Location: Chemistry ResearchTitle: Contrasting insect attraction and herbivore-induced plant volatile production in maize Author
Submitted to: Planta
Publication Type: Peer Reviewed Journal
Publication Acceptance Date: 3/29/2018
Publication Date: 4/3/2018
Citation: Block, A.K., Hunter Iii, C.T., Rering, C.C., Christensen, S.A., Meagher Jr, R.L. 2018. Contrasting insect attraction and herbivore-induced plant volatile production in maize. Planta. doi:10.1007/s00425-018-2886-x. Interpretive Summary: Corn is one of the major agricultural crops grown in the United States, yet this crop is continually at risk from attack by insect pests such as fall armyworm, which can reduce yield and marketability as well as increase the risk of infection by toxin producing fungal diseases. One approach to combat this insect pest is to exploit its natural enemies such as the parasitic wasp Cotesia. In order to do this effectively Gainesville, FL, ARS scientists first needed to understand how corn attracts these parasitoids when under attack from fall armyworm. In this study we compared two varieties of corn to assess their ability to attract the wasps and measure some of the corn-derived chemicals that may be involved in this attraction. We showed that the two corn varieties differed both in the amount of the chemicals they produce and in their attractiveness to the wasps. Our data revealed that while both varieties could potentially be used to study how corn recruits wasps, one of the varieties (W22) is likely to be a better model for such studies. Positive results from this study help researchers understand this important plant-insect-insect interaction and apply these results toward future control of the insect pest, fall armyworm.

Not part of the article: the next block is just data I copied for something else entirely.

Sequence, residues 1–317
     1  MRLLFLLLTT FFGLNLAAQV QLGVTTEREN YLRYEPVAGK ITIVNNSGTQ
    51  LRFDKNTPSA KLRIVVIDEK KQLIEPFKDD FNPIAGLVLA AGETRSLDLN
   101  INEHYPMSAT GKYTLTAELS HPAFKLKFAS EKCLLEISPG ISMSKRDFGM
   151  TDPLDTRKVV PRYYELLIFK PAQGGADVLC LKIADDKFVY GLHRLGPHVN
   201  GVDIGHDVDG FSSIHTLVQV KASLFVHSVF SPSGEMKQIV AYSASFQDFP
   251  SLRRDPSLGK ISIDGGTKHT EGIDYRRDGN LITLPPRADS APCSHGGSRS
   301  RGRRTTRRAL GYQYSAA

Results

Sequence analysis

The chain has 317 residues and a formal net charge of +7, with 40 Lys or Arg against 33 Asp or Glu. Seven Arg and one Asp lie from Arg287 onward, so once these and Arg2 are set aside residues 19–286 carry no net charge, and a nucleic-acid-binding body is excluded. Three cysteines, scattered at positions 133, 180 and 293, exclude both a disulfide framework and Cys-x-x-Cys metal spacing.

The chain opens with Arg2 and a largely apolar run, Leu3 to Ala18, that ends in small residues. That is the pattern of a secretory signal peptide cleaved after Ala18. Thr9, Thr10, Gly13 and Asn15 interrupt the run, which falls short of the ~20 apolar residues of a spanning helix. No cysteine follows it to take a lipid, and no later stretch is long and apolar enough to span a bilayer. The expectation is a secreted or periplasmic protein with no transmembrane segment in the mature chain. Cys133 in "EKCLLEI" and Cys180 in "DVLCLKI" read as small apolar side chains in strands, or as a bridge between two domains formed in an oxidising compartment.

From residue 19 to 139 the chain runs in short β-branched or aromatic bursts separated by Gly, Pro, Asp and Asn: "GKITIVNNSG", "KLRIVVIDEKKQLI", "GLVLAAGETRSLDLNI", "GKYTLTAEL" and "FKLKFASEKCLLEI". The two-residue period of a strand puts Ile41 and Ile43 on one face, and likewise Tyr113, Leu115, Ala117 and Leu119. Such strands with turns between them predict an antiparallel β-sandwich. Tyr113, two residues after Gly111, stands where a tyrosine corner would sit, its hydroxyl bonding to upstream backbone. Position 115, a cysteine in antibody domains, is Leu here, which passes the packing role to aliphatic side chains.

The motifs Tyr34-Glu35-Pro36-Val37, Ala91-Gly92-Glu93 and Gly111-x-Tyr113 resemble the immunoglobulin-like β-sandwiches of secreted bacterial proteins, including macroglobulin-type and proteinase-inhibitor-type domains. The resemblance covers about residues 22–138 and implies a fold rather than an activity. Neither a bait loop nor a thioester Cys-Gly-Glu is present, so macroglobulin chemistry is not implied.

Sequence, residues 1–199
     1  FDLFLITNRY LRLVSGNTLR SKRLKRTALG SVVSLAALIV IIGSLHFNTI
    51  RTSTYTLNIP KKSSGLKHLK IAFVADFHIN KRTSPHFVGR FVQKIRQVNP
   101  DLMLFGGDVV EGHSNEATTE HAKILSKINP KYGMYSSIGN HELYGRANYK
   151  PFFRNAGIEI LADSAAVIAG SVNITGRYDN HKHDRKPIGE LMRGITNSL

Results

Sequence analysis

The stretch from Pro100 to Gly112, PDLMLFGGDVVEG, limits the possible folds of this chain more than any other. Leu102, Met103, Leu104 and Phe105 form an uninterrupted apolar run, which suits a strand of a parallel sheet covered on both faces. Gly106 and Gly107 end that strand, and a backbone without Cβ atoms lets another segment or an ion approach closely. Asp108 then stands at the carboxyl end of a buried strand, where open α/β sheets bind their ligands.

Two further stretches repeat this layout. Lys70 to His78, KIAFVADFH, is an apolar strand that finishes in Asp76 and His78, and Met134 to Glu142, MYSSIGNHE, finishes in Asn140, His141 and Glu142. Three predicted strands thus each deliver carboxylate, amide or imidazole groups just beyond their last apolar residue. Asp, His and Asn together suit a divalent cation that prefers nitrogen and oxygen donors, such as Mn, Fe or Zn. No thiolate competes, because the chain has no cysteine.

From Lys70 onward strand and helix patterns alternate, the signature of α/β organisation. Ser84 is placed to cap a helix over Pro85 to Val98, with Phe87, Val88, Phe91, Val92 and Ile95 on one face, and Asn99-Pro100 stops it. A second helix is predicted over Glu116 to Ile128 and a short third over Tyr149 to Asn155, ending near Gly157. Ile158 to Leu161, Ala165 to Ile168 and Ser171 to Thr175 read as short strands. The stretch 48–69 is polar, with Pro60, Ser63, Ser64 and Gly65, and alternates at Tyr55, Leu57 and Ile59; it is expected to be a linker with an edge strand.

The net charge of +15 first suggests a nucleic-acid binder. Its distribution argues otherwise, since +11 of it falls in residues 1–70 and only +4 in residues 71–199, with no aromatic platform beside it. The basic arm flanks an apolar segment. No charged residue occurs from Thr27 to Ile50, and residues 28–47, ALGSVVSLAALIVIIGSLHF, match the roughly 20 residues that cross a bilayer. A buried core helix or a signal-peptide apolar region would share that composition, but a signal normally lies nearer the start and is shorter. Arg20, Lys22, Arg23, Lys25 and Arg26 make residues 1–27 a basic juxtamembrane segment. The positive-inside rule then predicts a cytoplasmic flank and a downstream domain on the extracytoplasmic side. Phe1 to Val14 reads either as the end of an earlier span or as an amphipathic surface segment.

Technical Abstract: Maize inbred line W22 is an important resource for genetic studies due to the availability of the UniformMu mutant population and a complete genome sequence. In this study, we assessed the suitability of W22 as a model for tritrophic interactions between maize, Spodoptera frugiperda (fall armyworm) and the parasitoid wasp Cotesia marginiventris. W22 was found to be a good model for studying the interaction as S. frugiperda prefers W22 over B73 and a higher parasitism rate by C. marginiventris was observed on W22 compared to the inbred line B73. W22 also produced lower amounts of many herbivore-induced volatile terpenes and indole emission upon treatment with S. frugiperda oral secretions. We propose that some of the major herbivore-induced terpene volatiles are perhaps impeding S. frugiperda and C. marginiventris preference and that as yet unidentified compounds are produced at low abundance may be positively impacting these interactions.